If I lived in the 10th Congressional District, I would probably vote for Anthony Woods. His arrival in Congress could have the biggest impact, considering that whoever wins will be 435th in seniority. His background will prompt obvious comparisons with Obama, and the Party leaders will promote him as a “rising star.” But the criticism I’ve been told about Woods is that he has no chance of winning – and he’s more a candidate to watch for future races. I’m not sure if I believe that, as a crowded field makes the race volatile.
Woods is the only major candidate who does not support single-payer – a “deal-breaker” for many progressives (he advocates a public option plan instead.) But how much impact will a freshman member of Congress have on health care reform? Woods’ presence in Congress alone could shame the Obama Administration into repealing Don’t Ask Don’t Tell, and his views on Iraq – where he has credibility after two tours of duty – has reassured anti-war liberals like myself.
An Undemocratic State Law
The race to succeed Ellen Tauscher will be fascinating for political junkies, but it may not be a great thing for people in the 10th District. Special elections usually don’t have very good turnout, and one candidate can eke a first-place finish September 1st that will whisk them to Congress – even if most constituents would rather have someone else. State law that governs special election has a bad loophole that could disenfranchise many voters.
California Election Code Section 10706(a) reads: “if no candidate [in a special election] receives a majority of votes cast, the name of that candidate of each qualified political party who receives the most votes cast for all candidates of that party shall be placed on the special general election ballot as the candidate of that party.” In other words, a run-off won’t feature the two candidates who finished with the most votes on September 1st. It will be between the top finishers of each party. In a district where all serious candidates are Democrats, only one will actually make it to the run-off.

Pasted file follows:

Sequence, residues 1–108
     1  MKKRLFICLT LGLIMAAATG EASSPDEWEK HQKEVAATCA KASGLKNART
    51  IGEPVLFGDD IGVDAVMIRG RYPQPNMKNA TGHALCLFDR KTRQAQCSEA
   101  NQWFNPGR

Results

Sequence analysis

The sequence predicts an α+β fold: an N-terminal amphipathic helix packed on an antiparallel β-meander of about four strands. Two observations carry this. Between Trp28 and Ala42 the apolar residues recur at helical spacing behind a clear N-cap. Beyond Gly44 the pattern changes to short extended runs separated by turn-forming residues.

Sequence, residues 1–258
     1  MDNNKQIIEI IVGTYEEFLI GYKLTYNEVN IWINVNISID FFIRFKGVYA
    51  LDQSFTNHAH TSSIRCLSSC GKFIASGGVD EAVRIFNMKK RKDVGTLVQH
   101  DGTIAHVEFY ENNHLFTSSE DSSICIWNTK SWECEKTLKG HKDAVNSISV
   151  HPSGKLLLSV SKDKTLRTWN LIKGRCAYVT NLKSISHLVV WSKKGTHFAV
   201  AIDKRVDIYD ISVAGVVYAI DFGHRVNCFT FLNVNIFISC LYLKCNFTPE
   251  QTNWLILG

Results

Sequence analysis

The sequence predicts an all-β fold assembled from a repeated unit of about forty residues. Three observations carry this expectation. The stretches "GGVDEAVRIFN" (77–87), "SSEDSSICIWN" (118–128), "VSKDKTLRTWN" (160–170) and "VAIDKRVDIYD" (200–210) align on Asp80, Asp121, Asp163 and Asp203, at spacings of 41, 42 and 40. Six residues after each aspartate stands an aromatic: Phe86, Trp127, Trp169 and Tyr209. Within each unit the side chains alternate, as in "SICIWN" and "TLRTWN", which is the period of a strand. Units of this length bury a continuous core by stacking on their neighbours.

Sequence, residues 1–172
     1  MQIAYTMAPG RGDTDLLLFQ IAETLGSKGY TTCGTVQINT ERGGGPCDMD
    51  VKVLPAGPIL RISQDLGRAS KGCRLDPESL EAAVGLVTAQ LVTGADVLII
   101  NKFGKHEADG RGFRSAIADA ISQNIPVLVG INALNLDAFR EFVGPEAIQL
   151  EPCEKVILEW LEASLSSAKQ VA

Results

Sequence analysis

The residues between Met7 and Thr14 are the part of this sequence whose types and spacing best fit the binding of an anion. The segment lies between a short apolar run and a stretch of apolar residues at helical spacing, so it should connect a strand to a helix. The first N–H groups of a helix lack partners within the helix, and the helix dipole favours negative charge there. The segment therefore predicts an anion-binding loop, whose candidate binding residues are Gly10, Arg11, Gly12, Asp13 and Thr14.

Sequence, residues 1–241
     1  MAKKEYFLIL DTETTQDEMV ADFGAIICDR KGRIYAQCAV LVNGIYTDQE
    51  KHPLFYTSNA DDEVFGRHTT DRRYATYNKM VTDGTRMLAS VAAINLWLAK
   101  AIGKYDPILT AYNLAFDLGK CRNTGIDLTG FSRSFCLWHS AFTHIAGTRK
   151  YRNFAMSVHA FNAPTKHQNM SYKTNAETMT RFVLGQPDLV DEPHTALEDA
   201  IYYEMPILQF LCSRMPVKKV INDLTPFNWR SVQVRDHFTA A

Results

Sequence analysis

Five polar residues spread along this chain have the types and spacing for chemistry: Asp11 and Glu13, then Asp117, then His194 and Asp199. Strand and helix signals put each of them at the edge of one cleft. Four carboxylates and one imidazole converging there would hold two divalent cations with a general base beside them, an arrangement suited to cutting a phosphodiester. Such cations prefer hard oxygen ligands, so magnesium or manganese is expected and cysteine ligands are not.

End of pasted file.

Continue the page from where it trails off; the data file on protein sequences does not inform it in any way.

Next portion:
The law in question was written decades ago by Phil Burton, the legendary San Francisco liberal (and brother of John Burton.) At the time, special elections had no run-offs – and whoever got a simple plurality won. Republicans in liberal districts would get behind one candidate, who would finish on top ahead of a slew of Democrats. To resolve this problem, the law was changed to require a run-off between candidates of each party – if no one got a majority. But California districts today are far more partisan than they were, and it’s doubtful that Burton ever anticipated a scenario such as what we have now.
I have experienced the unforeseen consequences of this law, and am convinced it has to be changed. When I was a student at UC-Berkeley in 1998, I was a campaign volunteer for Dion Aroner – who ran for the State Senate in a special election to replace Barbara Lee (who had just been elected to Congress.) It was a solid blue district, and all three serious candidates were Democrats: Aroner and Alameda County Supervisor Keith Carson (who were both liberal), and Don Perata (a moderate “business” Democrat.)
With a 15% turnout, Aroner and Carson predictably split the “liberal” vote – and Perata finished on top with a mere 33% of the vote. Aroner came in a very close second (about 900 votes), but could not advance to a scheduled run-off. Instead, Perata won the run-off against a token Republican – and the Peace & Freedom Party candidate. It turned out to be a pivotal election with a big impact: Don Perata went to Sacramento, amassed power for ten years and became State Senate President. He finally retired last year, because of term limits.
I’m afraid the same scenario can play itself out here. Although DeSaulnier and Buchanan both represent the area in the state legislature, neither have high name recognition. As a rookie candidate, Anthony Woods has even less. But Garamendi is a statewide elected official – who has literally been running for Governor since 1982. Regular voters (a big chunk of the electorate in low-turnout specials) are familiar with him, while the others will struggle for attention. Garamendi just needs to come in first place with at least 25% of the vote, which he can do on name recognition alone. If he does that, he wins.
By September 2nd, we will know who is Ellen Tauscher’s replacement in Congress. We will know, even if the vast majority of District 10 voters pick another candidate. We will know, even if most constituents didn’t vote at all.